MDVL 310C-Topics in Medieval Studies: Marvels (3 CREDITS)
Term 2: TTh 2:00 – 3:30
West Mall Swing Space 409
Prof. Juliet O’Brien
Department of French, Hispanic and Italian Studies
Office: (604) 822-4009 email@example.com
Course site: blogs.ubc.ca/mdvl310c
Wonder. Delight. Awe. Joy. Imagination. Marvellousness (mirabilis, merveille, merveillos) suffuses Medieval European literature, crossing postmedieval borders of place, time, form (literary genre, type of artefact), audience, and register. From mermaids, giants, and unicorns to miracles, fairies, and marginal drolleries: Medieval imaginative marvels are a continuing popular association with the period. Exploring them helps to understand perceptions of “the Medieval,” a history of those perceptions, and what “Medieval” might be itself (or themselves): worlds of speculative fictions, escapism and consolation, metamorphosis and metaphor, playfulness, weirdness, shock, horror, beauty, dark humour, satire, human values, and sheer love of life.
Weekly topics and continuing themes include: perceptions of the natural world, creation and creativity, miracles, other worlds and the other-worldly, monsters, dream-visions and mysticism, the fantastic, hybridity, apocalypse, the idyllic and golden ages, utopias and other alternative worlds, automata, the nature of humanity and/as intelligent life.
Our adventures will centre on the imaginative worlds of some Medieval French texts: the Reynard romance and selections from the writings of Marie de France, Christine de Pizan, and François Rabelais. Other readings will include bestiaries, encyclopaedias, universal histories, fables, saints’ lives, maps, almanachs, books of hours, lyric and debate poetry, games, miscellanies, and plenty of marginalia. While our principal focus will be the study of literary works, we will also explore their influence throughout Medieval Europe; the historical landscape in which these landmarks are situated; the cultural background against which their actions are staged; and their relationship to an integrated creative and intellectual environment—including visual and plastic arts, music, ideas, technology, ecology, and the sciences.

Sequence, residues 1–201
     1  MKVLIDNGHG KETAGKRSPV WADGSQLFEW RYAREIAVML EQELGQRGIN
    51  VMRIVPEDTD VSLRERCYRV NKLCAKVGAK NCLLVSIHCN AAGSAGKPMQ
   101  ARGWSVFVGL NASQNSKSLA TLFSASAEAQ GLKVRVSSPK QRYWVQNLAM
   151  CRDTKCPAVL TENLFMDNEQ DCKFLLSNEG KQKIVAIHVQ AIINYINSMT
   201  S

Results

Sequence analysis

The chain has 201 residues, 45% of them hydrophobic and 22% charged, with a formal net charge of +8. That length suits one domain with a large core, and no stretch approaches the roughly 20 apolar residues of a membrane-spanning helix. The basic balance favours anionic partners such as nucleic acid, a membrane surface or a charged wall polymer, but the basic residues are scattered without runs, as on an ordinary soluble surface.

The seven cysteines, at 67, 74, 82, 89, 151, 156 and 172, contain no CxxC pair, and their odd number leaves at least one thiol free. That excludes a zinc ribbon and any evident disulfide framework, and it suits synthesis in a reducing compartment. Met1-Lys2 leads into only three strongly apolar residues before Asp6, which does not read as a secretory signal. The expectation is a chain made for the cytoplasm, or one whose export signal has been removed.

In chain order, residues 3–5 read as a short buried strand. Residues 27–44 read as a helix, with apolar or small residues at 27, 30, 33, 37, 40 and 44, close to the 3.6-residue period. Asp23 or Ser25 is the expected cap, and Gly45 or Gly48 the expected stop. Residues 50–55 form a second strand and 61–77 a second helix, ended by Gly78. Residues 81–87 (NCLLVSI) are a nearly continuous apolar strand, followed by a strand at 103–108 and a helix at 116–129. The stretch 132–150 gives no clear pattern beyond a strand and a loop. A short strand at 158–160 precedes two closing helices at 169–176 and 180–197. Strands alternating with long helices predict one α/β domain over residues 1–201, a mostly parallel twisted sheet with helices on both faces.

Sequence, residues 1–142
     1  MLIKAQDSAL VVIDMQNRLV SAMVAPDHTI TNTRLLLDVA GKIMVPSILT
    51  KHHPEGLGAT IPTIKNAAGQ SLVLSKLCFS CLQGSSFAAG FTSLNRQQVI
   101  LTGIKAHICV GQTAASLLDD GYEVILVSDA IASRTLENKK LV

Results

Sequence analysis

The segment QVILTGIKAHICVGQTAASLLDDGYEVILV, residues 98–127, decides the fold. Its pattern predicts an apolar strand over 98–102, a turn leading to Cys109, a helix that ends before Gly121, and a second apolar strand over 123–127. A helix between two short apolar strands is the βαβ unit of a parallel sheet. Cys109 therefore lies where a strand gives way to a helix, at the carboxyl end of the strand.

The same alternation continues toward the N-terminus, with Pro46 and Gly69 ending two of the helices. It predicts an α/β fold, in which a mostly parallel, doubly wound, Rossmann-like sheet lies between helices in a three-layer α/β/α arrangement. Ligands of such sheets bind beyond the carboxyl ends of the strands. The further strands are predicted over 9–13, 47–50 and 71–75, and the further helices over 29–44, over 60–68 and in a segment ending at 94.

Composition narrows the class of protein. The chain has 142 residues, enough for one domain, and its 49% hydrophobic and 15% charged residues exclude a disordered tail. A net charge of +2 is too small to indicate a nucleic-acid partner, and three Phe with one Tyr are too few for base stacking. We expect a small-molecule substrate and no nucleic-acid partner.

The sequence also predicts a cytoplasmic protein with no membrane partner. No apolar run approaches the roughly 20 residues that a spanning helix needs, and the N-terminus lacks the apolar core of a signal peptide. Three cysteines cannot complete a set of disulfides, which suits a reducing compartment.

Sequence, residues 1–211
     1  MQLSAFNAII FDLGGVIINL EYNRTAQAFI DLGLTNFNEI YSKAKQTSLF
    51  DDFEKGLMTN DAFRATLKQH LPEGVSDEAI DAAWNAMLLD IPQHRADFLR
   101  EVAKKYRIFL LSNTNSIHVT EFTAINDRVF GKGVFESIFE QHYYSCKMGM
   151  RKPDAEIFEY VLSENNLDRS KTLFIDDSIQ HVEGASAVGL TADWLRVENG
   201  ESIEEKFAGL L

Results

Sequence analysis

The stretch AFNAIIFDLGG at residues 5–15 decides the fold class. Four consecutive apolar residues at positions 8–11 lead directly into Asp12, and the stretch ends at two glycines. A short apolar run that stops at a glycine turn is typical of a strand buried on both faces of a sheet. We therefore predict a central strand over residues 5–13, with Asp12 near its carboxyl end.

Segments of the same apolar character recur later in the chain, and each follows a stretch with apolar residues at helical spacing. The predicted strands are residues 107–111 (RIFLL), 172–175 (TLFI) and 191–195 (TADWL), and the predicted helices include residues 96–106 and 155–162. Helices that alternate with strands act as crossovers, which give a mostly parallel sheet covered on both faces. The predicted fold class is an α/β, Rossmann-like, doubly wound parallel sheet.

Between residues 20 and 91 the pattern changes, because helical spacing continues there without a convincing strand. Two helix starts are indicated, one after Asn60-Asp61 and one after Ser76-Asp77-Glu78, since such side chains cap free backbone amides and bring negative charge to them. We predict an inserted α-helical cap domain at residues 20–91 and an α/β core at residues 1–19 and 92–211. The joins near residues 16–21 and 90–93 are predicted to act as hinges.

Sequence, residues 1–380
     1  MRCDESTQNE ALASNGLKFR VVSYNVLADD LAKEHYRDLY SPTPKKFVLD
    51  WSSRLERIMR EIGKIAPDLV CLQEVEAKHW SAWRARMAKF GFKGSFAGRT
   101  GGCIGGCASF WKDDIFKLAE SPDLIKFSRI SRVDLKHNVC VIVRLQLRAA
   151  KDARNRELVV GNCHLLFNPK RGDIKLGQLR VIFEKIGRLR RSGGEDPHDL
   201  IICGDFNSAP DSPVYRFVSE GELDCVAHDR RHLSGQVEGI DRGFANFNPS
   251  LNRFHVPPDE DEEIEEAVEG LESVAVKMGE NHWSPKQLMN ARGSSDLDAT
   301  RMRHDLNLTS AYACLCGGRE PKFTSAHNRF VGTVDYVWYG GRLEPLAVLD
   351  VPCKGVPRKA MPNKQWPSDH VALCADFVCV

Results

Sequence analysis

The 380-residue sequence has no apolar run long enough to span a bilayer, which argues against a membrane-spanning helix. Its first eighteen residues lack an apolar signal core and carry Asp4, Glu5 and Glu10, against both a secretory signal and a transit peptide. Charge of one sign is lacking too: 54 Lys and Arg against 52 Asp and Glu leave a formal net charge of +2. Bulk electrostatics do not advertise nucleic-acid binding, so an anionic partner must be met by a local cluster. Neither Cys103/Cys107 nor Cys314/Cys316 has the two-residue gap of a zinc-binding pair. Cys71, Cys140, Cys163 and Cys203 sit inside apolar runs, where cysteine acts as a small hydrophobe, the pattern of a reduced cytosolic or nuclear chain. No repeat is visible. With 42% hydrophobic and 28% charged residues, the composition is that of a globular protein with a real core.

Classes consist of interactive lectures interspersed with discussions. Reading assignments include translations of literary works (they may of course be read in the original, but this is not expected), and digitized manuscripts and other contemporary objects freely accessible online. Assessment is based on a midterm commentary paper; a round-table short presentation followed by a student-led discussion or debate; a bibliography; a final research project (“making a marvel”) and its presentation; and, throughout the course, class participation and regular short commentary writing on the course blog. The course is taught in English. Work may be written in English or another language according to preference or program requirements. (This course is required for the Medieval Studies Major and Minor.)
Learning objectives: Students will develop:
- a deeper knowledge of the culture, literature, and historical context of medieval Europe.
- a grasp of how those fit into broader schemes and spheres of reference: European culture before c. 1700, the “pre-modern” world, world literature, and contemporary global and local cultures.
- reading skills: from fast general-gist reading to very slow, careful, attentive, meticulous close-reading that includes rereading.
- fundamental research skills: library, catalogues, databases, reference works, online sources and resources; the collection and sorting of data prior to its analysis and use; bibliography and synthesis.
- writing skills: from short pithy paragraphs to longer forms; constructing sound arguments; using textual evidence and good reasoning; with an emphasis on commentary: the “close writing” that parallels close reading.
- the development, enhancement, and honing of critical and creative thinking, presentation, and discussion skills: analogy and allegory—paralleling exegesis and analysis—and innovation.